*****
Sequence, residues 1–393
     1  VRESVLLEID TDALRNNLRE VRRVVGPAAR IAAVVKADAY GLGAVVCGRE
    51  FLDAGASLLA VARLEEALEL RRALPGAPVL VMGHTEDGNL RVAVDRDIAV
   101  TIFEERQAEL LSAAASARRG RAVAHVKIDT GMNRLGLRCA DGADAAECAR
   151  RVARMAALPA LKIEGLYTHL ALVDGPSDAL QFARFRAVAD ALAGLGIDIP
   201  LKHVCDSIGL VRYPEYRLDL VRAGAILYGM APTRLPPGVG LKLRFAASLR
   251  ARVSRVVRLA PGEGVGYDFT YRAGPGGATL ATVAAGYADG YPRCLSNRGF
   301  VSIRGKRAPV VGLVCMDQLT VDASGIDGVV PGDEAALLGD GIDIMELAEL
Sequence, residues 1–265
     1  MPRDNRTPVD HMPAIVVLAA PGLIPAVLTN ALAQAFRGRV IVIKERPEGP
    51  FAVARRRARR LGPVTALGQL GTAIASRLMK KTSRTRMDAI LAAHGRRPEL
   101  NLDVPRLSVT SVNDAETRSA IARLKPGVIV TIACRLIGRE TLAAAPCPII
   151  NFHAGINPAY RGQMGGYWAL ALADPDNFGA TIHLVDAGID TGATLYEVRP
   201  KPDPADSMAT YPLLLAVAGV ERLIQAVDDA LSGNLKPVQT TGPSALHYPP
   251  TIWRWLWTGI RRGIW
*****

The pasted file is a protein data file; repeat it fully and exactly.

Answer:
Sequence, residues 1–393
     1  VRESVLLEID TDALRNNLRE VRRVVGPAAR IAAVVKADAY GLGAVVCGRE
    51  FLDAGASLLA VARLEEALEL RRALPGAPVL VMGHTEDGNL RVAVDRDIAV
   101  TIFEERQAEL LSAAASARRG RAVAHVKIDT GMNRLGLRCA DGADAAECAR
   151  RVARMAALPA LKIEGLYTHL ALVDGPSDAL QFARFRAVAD ALAGLGIDIP
   201  LKHVCDSIGL VRYPEYRLDL VRAGAILYGM APTRLPPGVG LKLRFAASLR
   251  ARVSRVVRLA PGEGVGYDFT YRAGPGGATL ATVAAGYADG YPRCLSNRGF
   301  VSIRGKRAPV VGLVCMDQLT VDASGIDGVV PGDEAALLGD GIDIMELAEL
Sequence, residues 1–265
     1  MPRDNRTPVD HMPAIVVLAA PGLIPAVLTN ALAQAFRGRV IVIKERPEGP
    51  FAVARRRARR LGPVTALGQL GTAIASRLMK KTSRTRMDAI LAAHGRRPEL
   101  NLDVPRLSVT SVNDAETRSA IARLKPGVIV TIACRLIGRE TLAAAPCPII
   151  NFHAGINPAY RGQMGGYWAL ALADPDNFGA TIHLVDAGID TGATLYEVRP
   201  KPDPADSMAT YPLLLAVAGV ERLIQAVDDA LSGNLKPVQT TGPSALHYPP
   251  TIWRWLWTGI RRGIW